"We heard from Christians who were once Mormons, Hindus, Jehovah's Witnesses, agnostics, witches, Buddhists, Unitarians, New Agers, Muslims, Satanists and non-Messianic Jews."
While it is not immediately apparent to many secular observers, designations of Mormonism as non-Christian or a "cult" are extremely offensive to Mormons. According to the Mormon Voices website,
"Use of such a term [cult] to describe Mormonism is highly offensive to members of the Church of Jesus Christ of Latter-day Saints. "Cult" carries the connotation of dangerous, even violent groups whose beliefs are irrational and whose practices are immoral and lawless (Koresh and the Branch Davidians, Heaven's Gate, Aum Shinrikyo, and The People's Temple are all prominent examples) . The term cannot be applied to Mormons unless it is so broadly defined that its use could be applied to virtually any religious body.
Like racist language, the use of the word "cult" to describe a religion usually tells us very little about the religion, but a great deal about the person using the word."
Amidst a fast-growing swarm of articles covering the scandal, a few have attempted an upbeat spin - such as the Charlotte Observer story Graham family ties tighten with Romney as presidential election nears (subtitled "Evangelistic Association's website cuts Mormonism from listing of `cults' "), also syndicated in the Kansas City Star, which claimed,
"The Grahams' actions could further cement conservative Christian support for Romney in the Nov. 6 election, even though most evangelicals don't consider him a Christian.
That religious divide cost Romney heavily in the South Carolina primary, when he finished a distant second to New Gingrich, a Catholic but twice divorced."
But another Charlotte Observer story published the previous day, syndicated from the Religion News Service, Billy Graham website scrubs Mormon 'cult' reference, by RNS reporter Daniel Burke (also published by the Washington Post) noted continued anti-Mormon bias at Billy Graham's BGEA website:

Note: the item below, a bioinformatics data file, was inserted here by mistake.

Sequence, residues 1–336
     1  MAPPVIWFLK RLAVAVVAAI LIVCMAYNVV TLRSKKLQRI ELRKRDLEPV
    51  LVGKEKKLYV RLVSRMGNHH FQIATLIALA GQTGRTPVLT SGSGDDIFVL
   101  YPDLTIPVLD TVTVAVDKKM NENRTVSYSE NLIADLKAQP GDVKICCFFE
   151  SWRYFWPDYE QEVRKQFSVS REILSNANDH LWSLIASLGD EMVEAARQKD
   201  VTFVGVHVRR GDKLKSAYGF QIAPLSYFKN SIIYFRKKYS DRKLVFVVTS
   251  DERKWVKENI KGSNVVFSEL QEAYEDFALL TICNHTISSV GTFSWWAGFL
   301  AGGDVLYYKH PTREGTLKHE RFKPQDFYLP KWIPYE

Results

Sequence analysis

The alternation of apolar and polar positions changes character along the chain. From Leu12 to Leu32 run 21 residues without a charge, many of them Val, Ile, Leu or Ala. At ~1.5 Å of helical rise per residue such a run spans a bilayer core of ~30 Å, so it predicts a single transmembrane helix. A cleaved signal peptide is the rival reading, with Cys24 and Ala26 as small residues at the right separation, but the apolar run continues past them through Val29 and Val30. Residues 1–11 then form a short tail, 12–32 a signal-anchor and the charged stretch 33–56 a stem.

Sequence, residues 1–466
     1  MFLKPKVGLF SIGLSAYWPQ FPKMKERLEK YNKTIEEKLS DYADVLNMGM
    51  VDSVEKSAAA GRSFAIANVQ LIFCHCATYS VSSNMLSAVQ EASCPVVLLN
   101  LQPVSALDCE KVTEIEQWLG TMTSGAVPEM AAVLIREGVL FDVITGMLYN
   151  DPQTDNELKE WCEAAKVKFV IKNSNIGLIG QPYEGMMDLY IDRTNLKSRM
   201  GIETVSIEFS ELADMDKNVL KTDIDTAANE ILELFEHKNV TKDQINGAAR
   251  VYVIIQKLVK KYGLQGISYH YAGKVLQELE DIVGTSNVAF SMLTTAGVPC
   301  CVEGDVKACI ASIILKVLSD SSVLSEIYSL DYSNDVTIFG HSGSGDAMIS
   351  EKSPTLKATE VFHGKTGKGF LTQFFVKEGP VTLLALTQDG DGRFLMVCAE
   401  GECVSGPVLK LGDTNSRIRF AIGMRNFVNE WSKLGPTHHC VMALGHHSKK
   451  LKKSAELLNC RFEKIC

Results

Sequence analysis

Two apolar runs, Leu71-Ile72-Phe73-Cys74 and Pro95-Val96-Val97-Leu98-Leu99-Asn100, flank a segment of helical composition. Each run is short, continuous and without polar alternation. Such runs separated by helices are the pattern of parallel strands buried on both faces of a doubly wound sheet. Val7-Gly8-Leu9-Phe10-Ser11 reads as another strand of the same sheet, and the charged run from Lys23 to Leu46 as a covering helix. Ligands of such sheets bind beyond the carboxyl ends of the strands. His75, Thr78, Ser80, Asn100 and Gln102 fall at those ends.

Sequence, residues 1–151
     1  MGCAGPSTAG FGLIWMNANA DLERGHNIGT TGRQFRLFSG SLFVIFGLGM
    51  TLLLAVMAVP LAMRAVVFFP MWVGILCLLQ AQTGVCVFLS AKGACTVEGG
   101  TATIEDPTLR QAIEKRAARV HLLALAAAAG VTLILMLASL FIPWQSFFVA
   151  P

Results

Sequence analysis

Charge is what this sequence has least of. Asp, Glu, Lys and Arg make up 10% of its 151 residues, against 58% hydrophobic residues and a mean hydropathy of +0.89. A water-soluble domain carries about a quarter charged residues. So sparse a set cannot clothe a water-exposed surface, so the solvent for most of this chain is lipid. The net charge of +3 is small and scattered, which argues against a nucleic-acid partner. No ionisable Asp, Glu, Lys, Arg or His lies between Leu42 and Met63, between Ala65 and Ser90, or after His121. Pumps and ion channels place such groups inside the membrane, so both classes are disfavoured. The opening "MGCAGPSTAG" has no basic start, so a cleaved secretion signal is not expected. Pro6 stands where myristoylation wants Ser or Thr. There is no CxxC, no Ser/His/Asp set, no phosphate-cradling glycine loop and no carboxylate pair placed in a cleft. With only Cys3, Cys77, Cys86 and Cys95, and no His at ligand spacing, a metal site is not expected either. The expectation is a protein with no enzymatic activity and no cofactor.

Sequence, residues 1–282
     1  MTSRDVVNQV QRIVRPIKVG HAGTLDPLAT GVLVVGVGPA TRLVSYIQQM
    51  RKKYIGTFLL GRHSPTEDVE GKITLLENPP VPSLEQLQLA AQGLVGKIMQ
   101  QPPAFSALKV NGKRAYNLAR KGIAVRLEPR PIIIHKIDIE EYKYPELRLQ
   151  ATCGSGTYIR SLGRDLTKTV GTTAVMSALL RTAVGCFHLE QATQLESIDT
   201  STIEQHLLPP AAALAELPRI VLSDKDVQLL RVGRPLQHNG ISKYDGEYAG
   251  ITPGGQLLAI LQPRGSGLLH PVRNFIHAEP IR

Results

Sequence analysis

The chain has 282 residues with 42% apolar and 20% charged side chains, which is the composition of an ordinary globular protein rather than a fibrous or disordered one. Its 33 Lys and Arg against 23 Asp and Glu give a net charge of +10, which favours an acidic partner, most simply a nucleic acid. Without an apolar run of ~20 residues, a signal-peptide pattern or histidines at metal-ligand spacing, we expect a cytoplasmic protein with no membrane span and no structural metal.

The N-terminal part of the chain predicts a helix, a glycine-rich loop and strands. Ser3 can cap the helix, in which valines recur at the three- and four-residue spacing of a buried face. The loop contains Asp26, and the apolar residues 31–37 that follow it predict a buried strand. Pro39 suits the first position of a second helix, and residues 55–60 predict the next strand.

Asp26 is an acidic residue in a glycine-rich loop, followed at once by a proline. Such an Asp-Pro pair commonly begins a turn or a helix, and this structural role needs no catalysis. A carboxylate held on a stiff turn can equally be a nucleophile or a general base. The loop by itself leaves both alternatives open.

"According to the liberal website Daily Kos, the belief that Mormons are members of a cult is built into the BGEA's website. The site is programmed to call up articles about cults, including one authored by Billy Graham, when readers search for "Mormon."
"Billy Graham's own website is automated so that Christians who search for the term `Mormon' will get this page result and be informed, straight from Billy Graham himself, that the Mormon Church is in reality a cult," said Daily Kos writer Bruce Wilson."
The spreading story is hardly limited to liberal audiences - the conservative evangelical Christian Post was one of the early venues to pick it up, as Article Calling Mormonism a 'Cult' Removed From Billy Graham Website; Mormon convert Glenn Beck's The Blaze ran a version titled Article Calling Mormon Faith a `Cult' Was Scrubbed From Billy Graham's Web Site Following His Meeting With Romney.
Even on Beck's The Blaze story, rancorous arguments broke out in the comments section, and the comment thread attached to the Christian Post story was strongly anti-Mormon and antagonistic to Billy Graham's Romney endorsement, with one commenter remarking,
"Disgusting, whether you believe Mormonism is a cult or not. This is unfortunately a familiar theme. Evangelical "leaders" being co-opted by a poliltian and toning down the truth in order to curry political favor. They are either naive or responding to the siren call of political power.....or maybe both."
At The Blaze, a commenter named THERAPTURECOMES proclaimed,
"To all mormons, and all those that claim that mormonism is a part of Christianity. I warn you in all love that you have been deceived and I ask you to abandon your cults.
I have shown clearly that mormonism is not Christianity and is not of the bible and my warning is clear also.
Time is running out..."